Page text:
On 29 March 2023, opposition Senator Andrew Bragg introduced a private member’s bill, the Digital Assets (Market Regulation) Bill 2022, which proposed a new licensing regime and reporting requirements for digital asset exchanges, custody providers and stable-coin issuers (including designated banks dealing in digital Yuan). The Bill also proposed to introduce disclosure requirements for facilitators of CBDCs in Australia. Following its consideration by the Senate Economics Legislation Committee, the Bill was rejected in September 2023 on the basis that the Bill lacked the suﬃcient detail and certainty.
On 16 October 2023, Treasury released a consultation paper setting out proposals to regulate digital asset intermediaries under the existing ﬁnancial services licensing framework. Under the proposals, entities operating and providing ﬁnancial services in relation to ‘digital asset facilities’ (ie, multi-function platforms that hold client assets and allow clients to transact in platform entitlements) will be required to hold an AFSL. This will be introduced as a new type of ﬁnancial product. The proposals also apply minimum standards for facility contracts and entities that provide ‘ﬁnancialised functions’ for non-ﬁnancial product tokens, including token trading, staking, asset tokenisation and funding tokenisation. The AFSL regime is well understood and it is expected that enhanced conduct obligations and consumer protections will be imposed in respect of digital asset facilities. The consultation process is open until 1 December 2023. Treasury anticipates draft legislation will be released in early 2024, with a 12 month transition period to follow implementation.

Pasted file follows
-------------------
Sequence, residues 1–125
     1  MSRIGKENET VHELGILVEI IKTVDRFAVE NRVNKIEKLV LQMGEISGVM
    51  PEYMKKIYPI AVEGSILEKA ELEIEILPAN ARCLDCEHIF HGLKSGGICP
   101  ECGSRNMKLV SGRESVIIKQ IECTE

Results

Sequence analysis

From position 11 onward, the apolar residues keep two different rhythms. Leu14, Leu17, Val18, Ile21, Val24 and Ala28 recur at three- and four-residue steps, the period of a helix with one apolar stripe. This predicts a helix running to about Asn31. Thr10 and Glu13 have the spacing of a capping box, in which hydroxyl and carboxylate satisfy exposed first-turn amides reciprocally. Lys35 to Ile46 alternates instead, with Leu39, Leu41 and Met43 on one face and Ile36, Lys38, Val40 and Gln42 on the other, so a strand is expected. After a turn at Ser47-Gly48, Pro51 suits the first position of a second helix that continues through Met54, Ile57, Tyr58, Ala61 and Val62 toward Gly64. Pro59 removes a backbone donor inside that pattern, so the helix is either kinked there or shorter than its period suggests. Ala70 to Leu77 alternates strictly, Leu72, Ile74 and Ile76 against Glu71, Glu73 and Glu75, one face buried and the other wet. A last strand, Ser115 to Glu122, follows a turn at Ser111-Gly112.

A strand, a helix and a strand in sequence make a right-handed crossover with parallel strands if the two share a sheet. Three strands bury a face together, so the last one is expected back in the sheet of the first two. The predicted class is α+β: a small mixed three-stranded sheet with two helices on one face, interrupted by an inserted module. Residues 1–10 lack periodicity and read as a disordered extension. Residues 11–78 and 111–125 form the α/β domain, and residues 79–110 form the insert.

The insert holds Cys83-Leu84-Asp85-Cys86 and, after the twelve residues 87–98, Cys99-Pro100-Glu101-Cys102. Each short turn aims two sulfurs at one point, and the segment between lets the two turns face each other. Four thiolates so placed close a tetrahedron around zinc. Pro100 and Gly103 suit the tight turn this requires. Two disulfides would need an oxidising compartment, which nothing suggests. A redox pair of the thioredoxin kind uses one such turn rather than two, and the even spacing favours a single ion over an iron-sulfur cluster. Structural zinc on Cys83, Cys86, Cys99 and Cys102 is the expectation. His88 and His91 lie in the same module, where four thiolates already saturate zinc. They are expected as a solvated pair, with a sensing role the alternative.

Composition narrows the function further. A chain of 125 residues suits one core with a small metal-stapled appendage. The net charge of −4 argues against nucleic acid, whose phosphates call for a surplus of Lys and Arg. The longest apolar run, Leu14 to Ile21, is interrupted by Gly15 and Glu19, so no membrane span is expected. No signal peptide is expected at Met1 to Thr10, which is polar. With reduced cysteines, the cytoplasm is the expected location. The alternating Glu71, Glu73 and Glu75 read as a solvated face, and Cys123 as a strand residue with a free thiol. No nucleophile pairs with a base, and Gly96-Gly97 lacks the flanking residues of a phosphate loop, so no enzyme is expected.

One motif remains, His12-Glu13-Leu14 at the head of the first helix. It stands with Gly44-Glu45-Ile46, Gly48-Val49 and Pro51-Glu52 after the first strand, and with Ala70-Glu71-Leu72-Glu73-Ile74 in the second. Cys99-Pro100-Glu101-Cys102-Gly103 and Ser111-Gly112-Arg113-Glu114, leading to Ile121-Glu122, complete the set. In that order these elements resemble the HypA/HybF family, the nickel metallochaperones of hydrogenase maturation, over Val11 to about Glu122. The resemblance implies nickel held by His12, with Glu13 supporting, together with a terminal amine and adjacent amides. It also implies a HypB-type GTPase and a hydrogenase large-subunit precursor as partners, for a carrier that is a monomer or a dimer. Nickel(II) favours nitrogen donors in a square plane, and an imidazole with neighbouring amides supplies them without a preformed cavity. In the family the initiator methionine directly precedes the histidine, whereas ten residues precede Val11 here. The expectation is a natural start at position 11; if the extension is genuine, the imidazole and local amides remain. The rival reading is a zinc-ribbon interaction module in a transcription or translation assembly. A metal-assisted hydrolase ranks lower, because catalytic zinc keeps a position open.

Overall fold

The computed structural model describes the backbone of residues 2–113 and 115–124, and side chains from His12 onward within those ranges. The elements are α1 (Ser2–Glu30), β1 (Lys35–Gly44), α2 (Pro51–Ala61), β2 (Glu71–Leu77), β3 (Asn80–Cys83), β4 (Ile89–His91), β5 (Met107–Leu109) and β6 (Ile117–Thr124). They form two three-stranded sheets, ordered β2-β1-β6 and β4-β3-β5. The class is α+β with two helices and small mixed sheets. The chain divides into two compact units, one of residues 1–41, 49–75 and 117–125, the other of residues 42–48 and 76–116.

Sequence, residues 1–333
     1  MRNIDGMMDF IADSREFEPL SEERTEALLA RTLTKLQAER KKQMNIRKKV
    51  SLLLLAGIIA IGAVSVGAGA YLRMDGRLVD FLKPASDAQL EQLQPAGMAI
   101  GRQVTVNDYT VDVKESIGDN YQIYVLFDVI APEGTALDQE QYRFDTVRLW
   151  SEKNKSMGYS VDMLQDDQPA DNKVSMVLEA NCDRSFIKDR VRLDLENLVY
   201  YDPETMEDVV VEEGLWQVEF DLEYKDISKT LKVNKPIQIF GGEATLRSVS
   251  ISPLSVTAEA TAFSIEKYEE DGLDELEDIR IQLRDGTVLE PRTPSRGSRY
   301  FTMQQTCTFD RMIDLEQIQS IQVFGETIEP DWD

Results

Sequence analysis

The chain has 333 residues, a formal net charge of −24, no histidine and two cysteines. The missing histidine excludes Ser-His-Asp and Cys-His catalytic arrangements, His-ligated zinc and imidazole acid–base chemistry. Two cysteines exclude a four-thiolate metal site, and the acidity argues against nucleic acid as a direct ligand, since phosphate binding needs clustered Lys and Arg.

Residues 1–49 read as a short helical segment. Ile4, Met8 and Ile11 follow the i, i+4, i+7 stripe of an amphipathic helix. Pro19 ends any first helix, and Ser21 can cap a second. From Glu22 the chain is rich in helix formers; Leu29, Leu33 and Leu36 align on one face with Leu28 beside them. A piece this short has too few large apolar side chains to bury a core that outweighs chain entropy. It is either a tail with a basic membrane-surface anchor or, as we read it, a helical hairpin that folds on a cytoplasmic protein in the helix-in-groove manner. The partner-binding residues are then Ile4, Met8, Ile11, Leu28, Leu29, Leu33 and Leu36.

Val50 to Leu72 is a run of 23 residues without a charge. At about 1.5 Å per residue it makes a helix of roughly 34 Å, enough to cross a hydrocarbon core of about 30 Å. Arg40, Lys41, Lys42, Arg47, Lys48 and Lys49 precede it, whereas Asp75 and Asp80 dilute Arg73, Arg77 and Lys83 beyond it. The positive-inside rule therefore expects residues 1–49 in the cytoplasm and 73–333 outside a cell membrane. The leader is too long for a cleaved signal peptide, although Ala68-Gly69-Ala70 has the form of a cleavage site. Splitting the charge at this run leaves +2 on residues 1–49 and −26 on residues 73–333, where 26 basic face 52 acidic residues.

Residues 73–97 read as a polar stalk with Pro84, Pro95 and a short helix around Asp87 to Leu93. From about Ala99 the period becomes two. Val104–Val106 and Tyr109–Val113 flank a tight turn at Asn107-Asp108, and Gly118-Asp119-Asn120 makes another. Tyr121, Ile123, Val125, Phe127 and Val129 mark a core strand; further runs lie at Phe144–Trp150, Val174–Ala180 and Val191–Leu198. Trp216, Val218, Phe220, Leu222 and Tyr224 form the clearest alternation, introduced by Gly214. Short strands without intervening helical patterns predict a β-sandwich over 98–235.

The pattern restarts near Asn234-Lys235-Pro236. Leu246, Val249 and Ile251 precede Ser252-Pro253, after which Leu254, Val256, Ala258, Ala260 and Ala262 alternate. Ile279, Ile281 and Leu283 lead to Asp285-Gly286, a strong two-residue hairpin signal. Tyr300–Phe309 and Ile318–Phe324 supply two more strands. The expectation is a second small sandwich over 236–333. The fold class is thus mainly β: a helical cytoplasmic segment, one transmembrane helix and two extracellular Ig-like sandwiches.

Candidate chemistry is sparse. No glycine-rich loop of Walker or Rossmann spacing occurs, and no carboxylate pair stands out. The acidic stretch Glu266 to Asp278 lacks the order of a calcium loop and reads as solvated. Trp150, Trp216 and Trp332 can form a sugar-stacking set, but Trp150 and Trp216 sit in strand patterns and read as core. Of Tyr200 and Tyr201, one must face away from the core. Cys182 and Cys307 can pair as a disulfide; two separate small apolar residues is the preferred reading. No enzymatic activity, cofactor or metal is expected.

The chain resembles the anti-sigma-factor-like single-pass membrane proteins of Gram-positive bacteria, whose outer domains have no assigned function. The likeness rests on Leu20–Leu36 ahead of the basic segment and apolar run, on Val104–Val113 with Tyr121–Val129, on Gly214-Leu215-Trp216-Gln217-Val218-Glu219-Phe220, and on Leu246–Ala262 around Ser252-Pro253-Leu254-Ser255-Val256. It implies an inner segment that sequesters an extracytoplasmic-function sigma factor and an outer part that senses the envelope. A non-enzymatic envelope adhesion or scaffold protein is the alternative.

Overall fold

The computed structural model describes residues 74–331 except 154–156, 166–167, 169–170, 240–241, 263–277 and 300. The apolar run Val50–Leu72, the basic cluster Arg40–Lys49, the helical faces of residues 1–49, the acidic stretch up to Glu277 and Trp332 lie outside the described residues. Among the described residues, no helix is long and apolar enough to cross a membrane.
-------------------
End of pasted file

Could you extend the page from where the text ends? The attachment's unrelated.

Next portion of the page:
Separately, in April 2023 the Attorney General’s Department announced its consultation on long awaited reform to Australia’s AML/CTF regime. Among the matters are proposed changes to:
- how digital currency exchanges are regulated from an AML/CTF perspective. The consultation proposes expanding the types of regulated services to cover exchanges between one or more other forms of digital currency, transfers of digital currency on behalf of a customer, safekeeping or administration of digital currency and provision of ﬁnancial services related to an issuer’s oﬀer and/or sale of a digital currency; and
- update the travel rule and extend its application to remitters and digital currency exchange providers. The consultation proposes to update the travel rule to align with international standards by requiring payer and payee information for transfers on behalf of customers to other businesses, payer information to be veriﬁed and the inclusion of payee information.
The Attorney General’s Department intends to consult further throughout 2023.
ASIC’s recognition that an ICO may involve an oﬀer of ﬁnancial products has clear implications for the marketing of an ICO. For example, an oﬀer of a ﬁnancial product to a retail client (with some exceptions) must be accompanied by a regulated disclosure document (eg, a product disclosure statement or a prospectus and a ﬁnancial services guide) that satisﬁes the content requirements of the Corporations Act and regulatory guidance published by ASIC. Such a disclosure document must set out prescribed information, including the provider’s fee structure, to assist a client to decide whether to acquire the cryptocurrency from the provider. In some instances, the marketing activity itself may cause the ICO to be an oﬀer of a regulated ﬁnancial product.